Children far more likely to die after surgery in poor countriesDec. 19, 2019, 11:10 AM
Children in low-resourced countries are 100-200 times more likely to die after surgery than children in wealthy countries, according to a first-of-its-kind study published in Anesthesiology.
Two billion of the world’s children lack access to safe surgery and anesthesia, and the need for pediatric surgery in low- and middle-income countries is growing, according to lead author Mark Newton, MD, a pediatric anesthesiologist at Monroe Carell Jr. Children’s Hospital at Vanderbilt and director of Anesthesia Global Health and Development in the Department of Anesthesiology.
The pediatric surgery demand in low- and middle-income countries is growing, according to Newton, with children making up more than 50% of the population and up to 85% of those children requiring surgery before their 16th birthday.
“Most low- and middle-income countries have a severe shortage of pediatric surgeons and anesthesiologists,” said Newton, chair of the Department of Anesthesiology at AIC Kijabe Hospital in Kenya, where he lives 10 months out of the year.
“We know from practical experience that pediatric surgical mortality in these settings is high, but we have never been able to prospectively capture this data until now,” he said.
In the new study, “Perioperative Mortality in Kenya: A Prospective Cohort Study from 24 Hospitals,” Newton and co-authors establish a baseline pediatric perioperative mortality rate for the first time in East Africa and discuss factors associated with mortality.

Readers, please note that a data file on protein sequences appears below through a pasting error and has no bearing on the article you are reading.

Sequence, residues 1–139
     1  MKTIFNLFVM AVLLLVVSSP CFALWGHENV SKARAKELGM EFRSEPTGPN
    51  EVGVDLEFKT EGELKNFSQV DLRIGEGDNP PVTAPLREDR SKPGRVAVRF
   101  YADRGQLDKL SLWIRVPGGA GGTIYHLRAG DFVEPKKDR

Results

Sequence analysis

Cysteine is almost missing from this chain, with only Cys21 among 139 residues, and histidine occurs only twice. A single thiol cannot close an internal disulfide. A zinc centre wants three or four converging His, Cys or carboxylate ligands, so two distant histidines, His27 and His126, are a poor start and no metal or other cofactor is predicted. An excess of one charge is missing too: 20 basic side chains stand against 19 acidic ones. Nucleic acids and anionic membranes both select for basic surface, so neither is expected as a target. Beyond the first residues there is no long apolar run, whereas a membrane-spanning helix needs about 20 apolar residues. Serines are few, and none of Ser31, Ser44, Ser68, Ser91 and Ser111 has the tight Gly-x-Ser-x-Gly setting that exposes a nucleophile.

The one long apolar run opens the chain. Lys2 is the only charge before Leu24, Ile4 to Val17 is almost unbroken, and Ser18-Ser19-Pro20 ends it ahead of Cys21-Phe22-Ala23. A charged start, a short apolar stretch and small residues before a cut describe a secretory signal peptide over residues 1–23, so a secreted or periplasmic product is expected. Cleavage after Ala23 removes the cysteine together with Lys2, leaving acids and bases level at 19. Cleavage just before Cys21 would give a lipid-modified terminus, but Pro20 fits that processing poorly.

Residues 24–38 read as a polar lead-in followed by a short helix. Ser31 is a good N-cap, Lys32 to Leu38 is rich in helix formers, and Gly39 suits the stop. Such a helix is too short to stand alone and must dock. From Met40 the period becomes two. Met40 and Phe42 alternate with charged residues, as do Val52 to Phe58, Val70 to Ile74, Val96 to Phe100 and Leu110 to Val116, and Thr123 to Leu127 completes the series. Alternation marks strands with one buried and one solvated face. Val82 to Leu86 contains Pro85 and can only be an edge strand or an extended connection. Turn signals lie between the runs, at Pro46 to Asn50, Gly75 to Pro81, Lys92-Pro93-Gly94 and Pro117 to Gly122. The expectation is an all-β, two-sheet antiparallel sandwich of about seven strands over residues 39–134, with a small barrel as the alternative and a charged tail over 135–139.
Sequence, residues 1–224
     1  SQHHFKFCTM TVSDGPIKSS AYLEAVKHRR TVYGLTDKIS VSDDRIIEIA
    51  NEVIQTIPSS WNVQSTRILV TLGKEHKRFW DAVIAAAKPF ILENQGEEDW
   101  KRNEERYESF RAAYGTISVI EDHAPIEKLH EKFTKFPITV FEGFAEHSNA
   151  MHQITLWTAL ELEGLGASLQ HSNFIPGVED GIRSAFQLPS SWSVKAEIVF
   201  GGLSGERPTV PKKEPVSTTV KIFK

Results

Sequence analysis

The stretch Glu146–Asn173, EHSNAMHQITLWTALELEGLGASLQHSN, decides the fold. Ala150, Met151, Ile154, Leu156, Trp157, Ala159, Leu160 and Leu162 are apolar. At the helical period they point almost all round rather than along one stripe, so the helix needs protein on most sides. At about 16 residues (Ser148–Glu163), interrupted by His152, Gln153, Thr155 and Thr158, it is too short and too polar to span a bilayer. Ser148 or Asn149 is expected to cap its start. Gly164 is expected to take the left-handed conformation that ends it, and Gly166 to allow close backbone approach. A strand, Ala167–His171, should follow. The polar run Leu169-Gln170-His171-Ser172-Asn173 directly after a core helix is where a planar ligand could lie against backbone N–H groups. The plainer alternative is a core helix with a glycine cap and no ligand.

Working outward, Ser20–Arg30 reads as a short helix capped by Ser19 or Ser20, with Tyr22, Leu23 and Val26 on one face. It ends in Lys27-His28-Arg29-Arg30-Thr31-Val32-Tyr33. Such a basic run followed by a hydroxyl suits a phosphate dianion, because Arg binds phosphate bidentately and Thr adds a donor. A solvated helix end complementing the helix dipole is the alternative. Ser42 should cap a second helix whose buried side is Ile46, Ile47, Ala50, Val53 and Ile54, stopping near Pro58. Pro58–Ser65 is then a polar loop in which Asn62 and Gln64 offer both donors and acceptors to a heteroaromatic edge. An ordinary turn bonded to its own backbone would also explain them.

The data from Africa demonstrates:
- Mortality from pediatric surgery in Africa is 100-200 times greater than in a high-income country.
- When not using the Safe Surgery Checklist (SSC), mortality increases over 200%.
- Surgery on children in Africa during night and weekend hours increases mortality.
- Mortality is higher in primary hospitals compared to both secondary and tertiary hospitals.
Newton said he hopes the study will demonstrate the feasibility of collecting perioperative mortality data at scale and illustrate how it can be used to improve pediatric surgical care systems within countries in Africa.
“This study establishes a pediatric perioperative mortality rate for low- and middle-income countries which is 100-200 times higher than in high-income countries,” Newton said. “It also illustrates how such data can direct quality improvements. For example, we found a link between failure to use the SSC and mortality, which can be useful for advocacy, education and enforcement of the use of this patient safety tool.”
To establish a baseline pediatric perioperative mortality rate and factors associated with mortality in Kenya, the authors designed a prospective cohort study and measured 24-hour, 48-hour and seven-day perioperative mortality at 24 Kenyan hospitals.
There were 6,005 cases analyzed, finding cumulative mortality rates of 0.8% at 24 hours, 1.1% at 48 hours and 1.7% at seven days postoperatively.
In this sample, the 7-day mortality was more than 100 times higher than in high-resource settings and associated with American Society of Anesthesiologists Physical Status III or more, surgery at night or over the weekend, and not using the SSC. Mortality was also higher in primary hospitals compared to secondary or tertiary hospitals.
Newton and James O’Neill, MD, emeritus professor of Pediatric Surgery, have established a fellowship program at AIC Kijabe Hospital that has trained 10 pediatric surgeons and 16 pediatric anesthesiologists, in partnership with the University of Nairobi, from eight different African countries. Many of those trained have gone on to practice as the first pediatric surgeon or pediatric anesthesiologist in their home country.
“These newly trained pediatric surgeons and anesthesiologists are then supported to establish specialty training programs in their own countries,” O’Neill said. “They will work as leaders to increase access to surgery for their country’s children and improve surgical outcomes.”
The study was funded by the General Electric Foundation.